Minute 20: We have a neighbor two doors down from us that we’ve seen every day since we been here. He leaves in the mornings, we exchange “hola’s”, and we sometimes see him return that evening. He speaks even less English than we speaks Spanish, but he always smiles and waves at us when we see him, just wavin and smilin and sometimes we see him riding his bike along the playa. We have no idee what he does, we think he’z retired or somethin! Anywho, he just left for a bikeride on the beach and when he saw my empty bottle of absinthe he gave me a warning–I understand the word “precaucion” in Spanish–and tapped his head saying “loco” a few times. The reputation of absinte is universal!
Minute 30: I admit, that teeny itsty bitzy little bit of absinth has caused a nice little buzz! It seems such a small amount of booz to cause such a buzz (a “booz-buzz”, haha) and I think I should have som more to justify the buzz, so to speak. but I hardly think that hardly indicates any adictive propties, and besides I don’t got no more so I ain’t gonna drink no more, LOLOLOL! Logically, mathmatically, socially, and ecumenically speaking the “buzz index” as defined by the IBC (internatinal buzz counsil–they’re Frnech) is idenical to similar quantities of hooch of a 140-poof nature. So I’m just saying…
Minute 40: The sun is setting and its SPECTACLUR! Here am I, on my sun porch in Ibiza, in the sun, watching that ole ball of sun fire, that life-giveng ball of fire, set on anothe day of my life. And yours. Good by sun! good by day! You know how sometimes the sun looks diffrent colors when it sets? Well MY sun is GREEN today, tongith, whatever. It’s a lovely shade of lime green. LIME BLOODY GREEN hahaha, alittle british lingo for yo, anif I had a lime right now, man I’d EAT it. good by lime green day!
Minute 50: To cebelerate the passing of yetanotha day, I am dancing. Thats not because of any wormwood I think, just cause I can dance and I wanna. Lori wont dance with me for some reason. She’z my wife, by the way, my coblogger, my love and my travlin bud. I think I’m rumbaing a sexy sexy rumba but I also like to watz. Walts. WALLZ. sometimes we foxchot. This courtyard of ours is small but just the rite size for watzing. Loriiii come wallz wit me!!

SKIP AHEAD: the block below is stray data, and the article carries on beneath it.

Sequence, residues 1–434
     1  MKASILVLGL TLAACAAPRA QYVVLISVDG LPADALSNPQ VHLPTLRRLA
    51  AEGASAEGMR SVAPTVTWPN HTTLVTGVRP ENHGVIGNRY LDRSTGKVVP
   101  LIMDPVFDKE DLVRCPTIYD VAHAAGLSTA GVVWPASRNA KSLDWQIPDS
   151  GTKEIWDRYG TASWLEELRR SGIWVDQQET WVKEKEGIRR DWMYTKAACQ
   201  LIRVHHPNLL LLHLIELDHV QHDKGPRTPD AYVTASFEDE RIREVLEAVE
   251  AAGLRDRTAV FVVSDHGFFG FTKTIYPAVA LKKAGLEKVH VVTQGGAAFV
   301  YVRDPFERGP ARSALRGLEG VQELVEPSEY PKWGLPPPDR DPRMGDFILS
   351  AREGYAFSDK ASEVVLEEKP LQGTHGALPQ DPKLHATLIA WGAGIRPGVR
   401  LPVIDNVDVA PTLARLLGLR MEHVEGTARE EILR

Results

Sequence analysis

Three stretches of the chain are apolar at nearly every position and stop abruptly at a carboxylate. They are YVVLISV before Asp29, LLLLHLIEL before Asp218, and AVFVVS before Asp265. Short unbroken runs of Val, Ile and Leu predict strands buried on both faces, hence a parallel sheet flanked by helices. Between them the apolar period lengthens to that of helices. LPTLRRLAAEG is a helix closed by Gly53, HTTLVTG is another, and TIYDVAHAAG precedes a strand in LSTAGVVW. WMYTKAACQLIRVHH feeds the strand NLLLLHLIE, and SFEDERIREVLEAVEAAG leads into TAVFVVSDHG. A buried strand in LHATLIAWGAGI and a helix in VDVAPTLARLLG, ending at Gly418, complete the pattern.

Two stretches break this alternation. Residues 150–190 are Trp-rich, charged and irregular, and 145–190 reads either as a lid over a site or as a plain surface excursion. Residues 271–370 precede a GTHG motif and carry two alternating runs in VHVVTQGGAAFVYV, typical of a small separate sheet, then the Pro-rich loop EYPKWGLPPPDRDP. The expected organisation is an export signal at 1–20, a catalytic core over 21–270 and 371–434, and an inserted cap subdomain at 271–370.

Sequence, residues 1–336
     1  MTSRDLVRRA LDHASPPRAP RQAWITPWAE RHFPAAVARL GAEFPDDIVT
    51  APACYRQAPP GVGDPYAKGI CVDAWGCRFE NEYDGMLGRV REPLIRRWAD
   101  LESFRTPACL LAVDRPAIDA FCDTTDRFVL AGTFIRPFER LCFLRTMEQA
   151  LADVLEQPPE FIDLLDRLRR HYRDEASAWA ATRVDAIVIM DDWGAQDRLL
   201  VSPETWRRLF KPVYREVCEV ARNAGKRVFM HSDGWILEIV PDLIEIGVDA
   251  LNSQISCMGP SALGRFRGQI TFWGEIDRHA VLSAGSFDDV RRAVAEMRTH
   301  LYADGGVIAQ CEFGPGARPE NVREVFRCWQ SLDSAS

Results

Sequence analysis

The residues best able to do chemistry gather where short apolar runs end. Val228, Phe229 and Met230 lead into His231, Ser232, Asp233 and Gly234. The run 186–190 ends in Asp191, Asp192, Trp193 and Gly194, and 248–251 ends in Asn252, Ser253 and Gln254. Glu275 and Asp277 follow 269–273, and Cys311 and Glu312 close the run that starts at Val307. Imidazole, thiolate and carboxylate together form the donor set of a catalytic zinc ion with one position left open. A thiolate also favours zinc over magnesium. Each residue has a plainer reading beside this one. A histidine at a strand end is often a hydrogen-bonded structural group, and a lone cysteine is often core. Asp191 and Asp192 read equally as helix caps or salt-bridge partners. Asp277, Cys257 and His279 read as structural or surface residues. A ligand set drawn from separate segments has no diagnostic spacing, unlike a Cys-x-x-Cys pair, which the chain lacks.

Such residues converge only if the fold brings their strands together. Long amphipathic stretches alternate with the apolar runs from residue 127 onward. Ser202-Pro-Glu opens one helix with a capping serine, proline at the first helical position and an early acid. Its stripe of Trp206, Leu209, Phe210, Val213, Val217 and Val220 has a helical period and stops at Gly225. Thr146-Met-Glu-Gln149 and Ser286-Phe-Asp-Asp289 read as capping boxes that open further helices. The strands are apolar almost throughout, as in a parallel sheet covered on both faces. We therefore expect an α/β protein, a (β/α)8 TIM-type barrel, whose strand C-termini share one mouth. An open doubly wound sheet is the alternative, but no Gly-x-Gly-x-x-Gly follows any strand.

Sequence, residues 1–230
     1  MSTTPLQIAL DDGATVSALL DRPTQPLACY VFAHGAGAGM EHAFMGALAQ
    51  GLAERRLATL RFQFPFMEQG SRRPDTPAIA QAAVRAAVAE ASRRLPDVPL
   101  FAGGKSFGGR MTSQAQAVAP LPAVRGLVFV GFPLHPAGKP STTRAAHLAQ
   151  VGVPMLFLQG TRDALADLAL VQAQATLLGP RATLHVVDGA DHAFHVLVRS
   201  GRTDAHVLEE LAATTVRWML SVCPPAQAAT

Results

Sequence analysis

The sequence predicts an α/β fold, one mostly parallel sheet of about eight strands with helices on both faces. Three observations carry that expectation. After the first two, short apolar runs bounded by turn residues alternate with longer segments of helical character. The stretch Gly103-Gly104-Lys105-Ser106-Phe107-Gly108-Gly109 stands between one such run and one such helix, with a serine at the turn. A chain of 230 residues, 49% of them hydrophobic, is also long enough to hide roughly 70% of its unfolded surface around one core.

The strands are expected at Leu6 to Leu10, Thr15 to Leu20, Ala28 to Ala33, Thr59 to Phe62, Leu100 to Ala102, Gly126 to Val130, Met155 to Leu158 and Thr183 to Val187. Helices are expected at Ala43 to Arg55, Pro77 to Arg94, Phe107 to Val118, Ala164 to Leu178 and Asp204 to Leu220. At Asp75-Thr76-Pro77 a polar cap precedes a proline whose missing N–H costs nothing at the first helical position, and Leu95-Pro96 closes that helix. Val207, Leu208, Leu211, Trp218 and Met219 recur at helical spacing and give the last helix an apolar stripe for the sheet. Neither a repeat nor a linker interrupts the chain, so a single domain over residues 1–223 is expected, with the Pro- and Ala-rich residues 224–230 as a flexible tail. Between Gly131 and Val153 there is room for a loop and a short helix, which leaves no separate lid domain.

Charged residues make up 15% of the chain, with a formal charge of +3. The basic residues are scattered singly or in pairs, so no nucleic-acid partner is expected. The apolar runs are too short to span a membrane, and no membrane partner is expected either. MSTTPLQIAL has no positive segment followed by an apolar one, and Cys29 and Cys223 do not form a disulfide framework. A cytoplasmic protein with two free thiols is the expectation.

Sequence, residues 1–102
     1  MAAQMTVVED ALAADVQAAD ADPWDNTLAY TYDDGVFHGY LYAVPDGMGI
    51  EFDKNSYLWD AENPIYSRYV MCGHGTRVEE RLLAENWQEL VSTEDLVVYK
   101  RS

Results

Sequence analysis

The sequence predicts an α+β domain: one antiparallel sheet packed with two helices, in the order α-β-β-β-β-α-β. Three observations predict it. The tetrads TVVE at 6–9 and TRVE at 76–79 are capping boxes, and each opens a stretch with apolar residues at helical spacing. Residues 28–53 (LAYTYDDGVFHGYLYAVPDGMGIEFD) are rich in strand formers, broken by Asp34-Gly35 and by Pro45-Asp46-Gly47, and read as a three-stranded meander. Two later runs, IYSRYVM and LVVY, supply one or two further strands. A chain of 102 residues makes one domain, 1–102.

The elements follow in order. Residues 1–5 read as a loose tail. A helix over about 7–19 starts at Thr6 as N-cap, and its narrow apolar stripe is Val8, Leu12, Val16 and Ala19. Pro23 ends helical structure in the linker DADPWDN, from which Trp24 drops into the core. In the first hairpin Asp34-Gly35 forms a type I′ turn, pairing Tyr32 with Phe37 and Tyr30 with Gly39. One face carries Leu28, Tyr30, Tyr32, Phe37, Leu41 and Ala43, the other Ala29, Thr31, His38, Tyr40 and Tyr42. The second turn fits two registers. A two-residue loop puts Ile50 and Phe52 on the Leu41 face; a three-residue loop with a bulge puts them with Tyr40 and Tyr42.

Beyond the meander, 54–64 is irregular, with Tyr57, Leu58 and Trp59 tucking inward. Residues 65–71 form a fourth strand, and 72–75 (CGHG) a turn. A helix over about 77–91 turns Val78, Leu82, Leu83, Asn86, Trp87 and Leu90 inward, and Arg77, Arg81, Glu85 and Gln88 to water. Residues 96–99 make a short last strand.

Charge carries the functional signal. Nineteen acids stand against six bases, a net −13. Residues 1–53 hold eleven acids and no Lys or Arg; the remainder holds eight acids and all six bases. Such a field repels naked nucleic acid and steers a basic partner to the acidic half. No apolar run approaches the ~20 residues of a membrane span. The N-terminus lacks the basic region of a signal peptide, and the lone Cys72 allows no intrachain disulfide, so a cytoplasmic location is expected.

Minute 60: Our neybor came back and he sat with me for a few minuts. While he was gone out he musta learned to speek english cause we jus had the most wonerful confersation. damn but that rosetta stone stuff realy realy works! he’s a delifhtful man, really, and he tole me all about his family here and there and that he was wonce the president of a small african country and now he rides his bike on the playa lookin for his socks. or somethign like that. anyway, he’s a really plesant man wonce you get to now him. I’m gonna have to get me some of that rosetta stone! i wish i still ahd some of this green stuff to share with him, but now itz gone and he’z gone and i’m all alone again. I dont feel like dansin anymore. man, I’m hungry, when can I have some pizza? i think the first rosetta ston langage i’m gonna learn is ukraninan
Minute 70: I m nekkid!! i don’t know why, but i like it. i’m on my porch NEKKID in ibiza. more peeple shold be nekkid, that’s what I thing. think.
Minute 80: roseta stons youkrainian is TUFF an i’m havin trubba fittin my fingas onda KEY BORD wgouiejghuidf thu son es gone and I m gonna sing to ya now: ees neine oclock on a friday reglar crowd shuffas in and sing me a song oyu da peeano man! hey you wanna hear some YOUKRANIAN? ? ????? ???? i tellin ya this rosedda stuff works! i juss callt dominoes bak home in atlanta and triedto order a egstravagantsa an the dude sayd they cant delver to ibiza. what? reelly?
Minute 90: [ AUTOMATED MESSAGE: END OF SUBMISSION, NO FURTHER USER INPUT ]